The best true crime podcasts 2019 (and no one actually dies)
Considering we are in the last quarter of 2019, I decided it was time for a podcast update. While I haven’t seen any festive season ads yet, I have seen Black Friday ads, so you know we are close to saying goodbye to 2019. I thought I’d get in there early with a round-up of my favourite true crime podcasts so far. And in no particular order here are some podcasts I loved so much that I binge listened to all of them.
Ang, from Jozi. Rediscoveredrecommended this podcast (check out her amazing blog post on a holocaust museum in Joburg) and I was captivated from the start. It’s the insane story of a psychiatrist who convinces one of his patients to surrender his house, business and wealth to him. The shrink crosses all sorts of doctor-patient lines and leaves people broken. He exploits his patients for personal gain in ways that are insane. This podcast really shows that truth is stranger than fiction. You couldn’t make this up.
Who The Hell Is Hamish? follows the story of a serial conman who has conned hundreds of people and has gone to extremes to do so: from marrying someone to grooming a teenage girl, there is nothing that Hamish won’t do to make money. Each episode ups the shock factor, and you’ll wonder how someone could even do the things he does without remorse.
Wondery brings out some great podcasts, but this one has to be one of my favourites. In season 2 of Over My Dead Body, we meet Joe Exotic, an over the top man who owns a zoo and loves big cats, especially tigers. He also posts his life on YouTube and hates an activist who wants to put a stop to his cub petting experiences. The podcast dives into this rivalry and even investigates an assassination attempt.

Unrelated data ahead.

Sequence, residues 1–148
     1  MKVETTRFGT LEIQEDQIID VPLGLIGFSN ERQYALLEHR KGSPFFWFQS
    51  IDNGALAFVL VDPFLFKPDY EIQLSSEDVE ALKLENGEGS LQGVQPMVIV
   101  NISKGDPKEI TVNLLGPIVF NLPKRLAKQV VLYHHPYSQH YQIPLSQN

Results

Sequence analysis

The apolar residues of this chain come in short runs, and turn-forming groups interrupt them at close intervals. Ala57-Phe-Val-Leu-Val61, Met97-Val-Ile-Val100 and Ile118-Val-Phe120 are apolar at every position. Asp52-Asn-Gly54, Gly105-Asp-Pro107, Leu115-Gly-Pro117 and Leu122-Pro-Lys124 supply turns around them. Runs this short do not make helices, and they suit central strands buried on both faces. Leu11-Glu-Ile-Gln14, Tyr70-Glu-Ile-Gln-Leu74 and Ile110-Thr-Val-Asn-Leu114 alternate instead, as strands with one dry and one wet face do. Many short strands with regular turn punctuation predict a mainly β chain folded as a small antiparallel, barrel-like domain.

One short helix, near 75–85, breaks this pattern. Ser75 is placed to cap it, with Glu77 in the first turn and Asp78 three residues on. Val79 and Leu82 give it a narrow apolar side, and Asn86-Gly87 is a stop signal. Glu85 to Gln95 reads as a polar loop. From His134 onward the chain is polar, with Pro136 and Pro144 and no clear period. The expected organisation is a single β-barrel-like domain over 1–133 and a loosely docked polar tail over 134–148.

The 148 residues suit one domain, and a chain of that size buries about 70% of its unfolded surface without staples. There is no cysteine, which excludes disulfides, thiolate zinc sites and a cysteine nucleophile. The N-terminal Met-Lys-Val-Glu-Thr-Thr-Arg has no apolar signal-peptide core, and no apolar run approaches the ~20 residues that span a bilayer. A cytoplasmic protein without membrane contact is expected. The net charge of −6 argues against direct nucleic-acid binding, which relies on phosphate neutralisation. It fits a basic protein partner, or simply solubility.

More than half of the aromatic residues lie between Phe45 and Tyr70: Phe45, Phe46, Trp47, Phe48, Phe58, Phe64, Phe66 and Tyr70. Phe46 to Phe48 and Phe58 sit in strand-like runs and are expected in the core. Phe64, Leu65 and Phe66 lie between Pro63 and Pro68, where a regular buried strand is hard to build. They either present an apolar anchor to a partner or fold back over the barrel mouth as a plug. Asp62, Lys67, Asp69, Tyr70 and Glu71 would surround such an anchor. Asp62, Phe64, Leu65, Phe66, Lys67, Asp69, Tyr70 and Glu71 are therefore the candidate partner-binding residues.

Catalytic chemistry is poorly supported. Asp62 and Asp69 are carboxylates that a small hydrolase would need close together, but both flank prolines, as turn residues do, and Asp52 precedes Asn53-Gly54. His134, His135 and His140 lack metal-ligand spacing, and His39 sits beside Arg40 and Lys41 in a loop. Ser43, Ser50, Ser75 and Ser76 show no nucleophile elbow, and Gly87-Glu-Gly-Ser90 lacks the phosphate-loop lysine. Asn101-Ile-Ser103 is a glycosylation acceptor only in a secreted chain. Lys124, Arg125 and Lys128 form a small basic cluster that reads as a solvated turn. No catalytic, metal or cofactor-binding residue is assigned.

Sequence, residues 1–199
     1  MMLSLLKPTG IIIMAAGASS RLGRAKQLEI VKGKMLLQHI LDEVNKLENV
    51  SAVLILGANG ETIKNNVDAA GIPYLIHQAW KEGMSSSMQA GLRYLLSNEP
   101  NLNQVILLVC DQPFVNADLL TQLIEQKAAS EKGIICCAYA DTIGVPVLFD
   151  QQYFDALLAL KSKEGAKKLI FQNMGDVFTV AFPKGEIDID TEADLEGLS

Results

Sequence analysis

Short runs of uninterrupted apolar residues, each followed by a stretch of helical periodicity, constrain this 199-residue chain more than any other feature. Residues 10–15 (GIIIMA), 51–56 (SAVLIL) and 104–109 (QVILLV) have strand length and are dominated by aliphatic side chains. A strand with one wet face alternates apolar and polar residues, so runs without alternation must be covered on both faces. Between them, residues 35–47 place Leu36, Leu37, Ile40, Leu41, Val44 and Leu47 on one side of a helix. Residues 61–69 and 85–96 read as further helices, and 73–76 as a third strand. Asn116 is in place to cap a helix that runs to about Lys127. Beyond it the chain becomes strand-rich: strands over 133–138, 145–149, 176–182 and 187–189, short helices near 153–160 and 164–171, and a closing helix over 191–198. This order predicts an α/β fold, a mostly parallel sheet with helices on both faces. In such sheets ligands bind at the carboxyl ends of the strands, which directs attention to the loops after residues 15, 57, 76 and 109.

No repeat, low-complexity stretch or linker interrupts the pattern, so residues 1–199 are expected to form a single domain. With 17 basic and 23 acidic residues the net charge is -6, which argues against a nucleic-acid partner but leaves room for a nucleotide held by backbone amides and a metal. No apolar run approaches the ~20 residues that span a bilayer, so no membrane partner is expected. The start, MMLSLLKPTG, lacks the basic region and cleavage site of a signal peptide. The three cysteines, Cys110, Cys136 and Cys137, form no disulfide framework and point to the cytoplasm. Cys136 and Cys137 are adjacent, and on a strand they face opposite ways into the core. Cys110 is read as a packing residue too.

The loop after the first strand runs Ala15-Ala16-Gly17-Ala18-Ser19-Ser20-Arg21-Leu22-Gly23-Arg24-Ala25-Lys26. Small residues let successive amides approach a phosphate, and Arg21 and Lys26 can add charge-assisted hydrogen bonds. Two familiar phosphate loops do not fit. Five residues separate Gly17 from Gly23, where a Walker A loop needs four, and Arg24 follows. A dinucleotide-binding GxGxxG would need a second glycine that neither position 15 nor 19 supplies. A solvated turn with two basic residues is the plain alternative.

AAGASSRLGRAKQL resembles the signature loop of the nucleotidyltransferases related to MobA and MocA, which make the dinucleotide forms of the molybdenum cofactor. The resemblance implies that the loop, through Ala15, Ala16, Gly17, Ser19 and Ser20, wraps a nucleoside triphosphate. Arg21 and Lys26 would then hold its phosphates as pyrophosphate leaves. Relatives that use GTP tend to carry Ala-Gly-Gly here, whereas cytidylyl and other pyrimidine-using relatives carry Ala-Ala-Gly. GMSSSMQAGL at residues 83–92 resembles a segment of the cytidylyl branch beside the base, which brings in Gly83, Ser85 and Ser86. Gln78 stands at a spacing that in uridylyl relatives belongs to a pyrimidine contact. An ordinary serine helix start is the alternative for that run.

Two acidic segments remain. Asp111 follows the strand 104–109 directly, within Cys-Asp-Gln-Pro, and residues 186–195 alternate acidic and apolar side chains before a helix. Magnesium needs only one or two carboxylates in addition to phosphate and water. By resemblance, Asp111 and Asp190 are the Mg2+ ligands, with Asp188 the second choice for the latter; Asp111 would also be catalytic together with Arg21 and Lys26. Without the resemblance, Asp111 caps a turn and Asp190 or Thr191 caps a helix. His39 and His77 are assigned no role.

A journalist from the LA Times quits her job to investigate the story of Garage 66, who has been on a ventilator for 17 years but no one knows who he is. She sets out to solve this mystery by visiting Garage every day at the Vent Farm (the term used for the building where people are kept on life support). In the podcast, we find out who Garage is and what happened to him, while also exploring illegal immigration in the US.
I stumbled upon this podcast when Spotify chose this for me after I had finished listening to another podcast. At first, I was like “Is this even possible?” and it was only after 5 minutes that I realised it was a parody of a true-crime podcast. I spent the morning giggling to myself while getting ready for work. The Onion, true to its form, destroys the true-crime podcast genre in the best possible way. It’s ridiculous, funny and brilliant.
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